The flower power heyday of the baby boomers is back in full bloom.
Instead of flashing peace signs, boomers are flashing their wallets to buy pot flowers and making up a sizable chunk of the North American cannabis consumer market, according to BDS Analytics analyst Emily Sanchez.
As a cool cat demographic with disposable income and considerable free time — once they retire, that is — boomers are an important demographic for companies and investors to keep tabs on. They’re also the fastest growing demographic in Canada, according to Statistics Canada.
Boomers, defined as people born in 1964 or earlier, make up 30 per cent of the American cannabis consumer base and one-quarter of the same market in Canada, Sanchez said. The variance between countries is likely due to regulations and product availability, she added.
“When we talk about boomers there is a that strong perception that they’re using for more of a health and medical benefit rather than a recreational and social benefit,” she said. “But we do see a sizable portion consuming for recreational and social as well.”
Boomers use pot for macking and mellowing out
In Canada, where BDS Analytics surveyed 3,500 people across the country, 66 per cent of boomers said they use cannabis for a groovy time and 58 per cent said they do so for health and medical purposes. One-quarter of the respondents said they’re going for best of both worlds and using cannabis for social and medical purposes, Sanchez said.
Survey says the top reasons boomers report using pot is to relieve pain, to relax, to sleep better — but also just to have fun and get high.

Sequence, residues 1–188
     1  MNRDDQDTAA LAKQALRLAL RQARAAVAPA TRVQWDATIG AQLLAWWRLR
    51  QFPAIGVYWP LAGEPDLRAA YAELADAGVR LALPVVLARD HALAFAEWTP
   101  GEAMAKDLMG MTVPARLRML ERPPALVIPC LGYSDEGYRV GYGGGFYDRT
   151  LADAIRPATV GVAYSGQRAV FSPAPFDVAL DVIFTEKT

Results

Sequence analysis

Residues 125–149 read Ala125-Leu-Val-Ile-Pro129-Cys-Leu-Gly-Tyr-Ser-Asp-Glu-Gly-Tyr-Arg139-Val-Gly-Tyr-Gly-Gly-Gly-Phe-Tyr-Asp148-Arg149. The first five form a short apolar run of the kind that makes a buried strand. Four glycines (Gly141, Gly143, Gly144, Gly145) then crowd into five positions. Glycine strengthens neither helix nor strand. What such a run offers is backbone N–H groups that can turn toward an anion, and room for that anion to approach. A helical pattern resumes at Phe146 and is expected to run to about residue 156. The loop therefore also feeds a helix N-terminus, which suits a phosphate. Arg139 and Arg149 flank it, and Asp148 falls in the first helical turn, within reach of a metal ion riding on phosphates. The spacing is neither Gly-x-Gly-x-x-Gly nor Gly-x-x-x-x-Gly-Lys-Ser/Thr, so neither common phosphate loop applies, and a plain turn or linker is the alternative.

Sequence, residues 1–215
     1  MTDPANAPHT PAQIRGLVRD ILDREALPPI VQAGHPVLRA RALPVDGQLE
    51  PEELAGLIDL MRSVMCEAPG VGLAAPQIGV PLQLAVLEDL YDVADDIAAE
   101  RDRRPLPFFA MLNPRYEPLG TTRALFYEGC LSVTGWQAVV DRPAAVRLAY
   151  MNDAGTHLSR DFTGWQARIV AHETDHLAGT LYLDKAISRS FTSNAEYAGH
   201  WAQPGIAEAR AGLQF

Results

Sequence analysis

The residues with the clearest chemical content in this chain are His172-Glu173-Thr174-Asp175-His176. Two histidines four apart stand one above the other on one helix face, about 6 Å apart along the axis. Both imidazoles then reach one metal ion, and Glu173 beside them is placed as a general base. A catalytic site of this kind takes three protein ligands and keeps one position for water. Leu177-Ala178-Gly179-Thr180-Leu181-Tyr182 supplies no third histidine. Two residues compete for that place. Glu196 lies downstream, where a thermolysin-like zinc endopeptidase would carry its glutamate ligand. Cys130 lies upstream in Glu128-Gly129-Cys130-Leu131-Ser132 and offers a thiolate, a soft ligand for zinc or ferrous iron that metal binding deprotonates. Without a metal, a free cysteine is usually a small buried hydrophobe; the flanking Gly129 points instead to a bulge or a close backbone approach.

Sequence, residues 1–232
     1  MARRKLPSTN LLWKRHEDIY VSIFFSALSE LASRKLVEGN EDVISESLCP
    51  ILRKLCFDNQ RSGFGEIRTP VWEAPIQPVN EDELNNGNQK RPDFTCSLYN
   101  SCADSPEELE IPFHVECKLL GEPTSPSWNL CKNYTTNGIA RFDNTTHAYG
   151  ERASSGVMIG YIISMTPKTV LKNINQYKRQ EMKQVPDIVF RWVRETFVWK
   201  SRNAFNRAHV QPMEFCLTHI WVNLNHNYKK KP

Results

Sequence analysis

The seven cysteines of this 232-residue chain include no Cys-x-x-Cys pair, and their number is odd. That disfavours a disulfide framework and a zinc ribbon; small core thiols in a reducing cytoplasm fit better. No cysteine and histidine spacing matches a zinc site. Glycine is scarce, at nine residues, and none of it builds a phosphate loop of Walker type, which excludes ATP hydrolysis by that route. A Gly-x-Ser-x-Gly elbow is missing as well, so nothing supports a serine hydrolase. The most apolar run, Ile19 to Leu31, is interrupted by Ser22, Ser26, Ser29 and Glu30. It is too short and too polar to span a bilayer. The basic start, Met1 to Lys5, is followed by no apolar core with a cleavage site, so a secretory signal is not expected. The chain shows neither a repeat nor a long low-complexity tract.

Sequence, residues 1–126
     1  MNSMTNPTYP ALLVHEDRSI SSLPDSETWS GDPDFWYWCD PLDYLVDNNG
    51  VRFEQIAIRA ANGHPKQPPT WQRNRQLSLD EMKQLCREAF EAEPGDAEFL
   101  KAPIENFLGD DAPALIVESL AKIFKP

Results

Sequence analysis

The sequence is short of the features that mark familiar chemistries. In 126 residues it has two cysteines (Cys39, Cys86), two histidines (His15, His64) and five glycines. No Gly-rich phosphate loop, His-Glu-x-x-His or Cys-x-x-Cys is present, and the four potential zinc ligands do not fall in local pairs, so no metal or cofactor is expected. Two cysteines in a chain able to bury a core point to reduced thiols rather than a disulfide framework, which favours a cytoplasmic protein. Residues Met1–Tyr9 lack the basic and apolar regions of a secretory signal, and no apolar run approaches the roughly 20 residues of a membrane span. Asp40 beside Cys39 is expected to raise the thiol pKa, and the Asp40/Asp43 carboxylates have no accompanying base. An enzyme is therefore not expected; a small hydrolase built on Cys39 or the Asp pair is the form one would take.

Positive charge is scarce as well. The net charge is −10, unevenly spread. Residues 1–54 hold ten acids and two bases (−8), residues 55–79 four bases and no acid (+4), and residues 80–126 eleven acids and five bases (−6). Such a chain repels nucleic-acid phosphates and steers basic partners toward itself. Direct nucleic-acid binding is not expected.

“They’re not just driven by needing to treat pain, they are using for a variety of reasons, just like other generations,” Sanchez said.
Canadian boomers follow market trends when choosing how to consume weed, with 66 per cent inhaling the drug with vapes, bongs, pipes and vaporizers; 40 per cent munching on edibles; and 25 per cent slathering on the topicals. That’s a slightly lower percentage of boomers inhaling and eating cannabis than other generations, Sanchez said, whereas topical use stays the same across different age demographics.
In America, 60 per cent of boomers inhale pot, 50 per cent eat it and 38 per cent use topicals.
Grab some of that hippie lettuce and tube it, man
“In the fully legal states in the U.S. there is a lot more product availability and assortment in some of these more mature states like Colorado, California, Oregon and Washington that have been around for a number of years now,” Sanchez said.
“That’s a key difference when looking at the Canadian market and the U.S. market. Canada still hasn’t rolled out a lot of product format, so there has been some limitations there and that would be a key difference for the percent consuming inhalables or topicals or what is out there in the market place right now.”
Companies marketing to Canadian boomers should aim for high-price point luxury items, the data suggests, as boomers shop less than other demographics but still spend $100 per month on average. Around 25 per cent of millennials shop for pot once per week, but only spend $20 to $50 more per month, which suggests they’re buying for quantity over quality, Sanchez said. To get high, the average consumer drops around $125 per month, she added.
Boomers, just like the rest of us, also don’t know what they want. Or, at least, 30 per cent don’t know what their preferred cannabinoid dosage is when eating edibles, Sanchez said. Around 43 per cent of boomers report enjoying a mild one to 10 milligrams of THC per dose, 10 per cent enjoy a 10 to 20 milligram buzz and three to four per cent go seeking an above-50-milligrams, far-out experience.
All of these numbers roll the silent generation in with boomers, Sanchez noted, but the boomers still completely drive the numbers.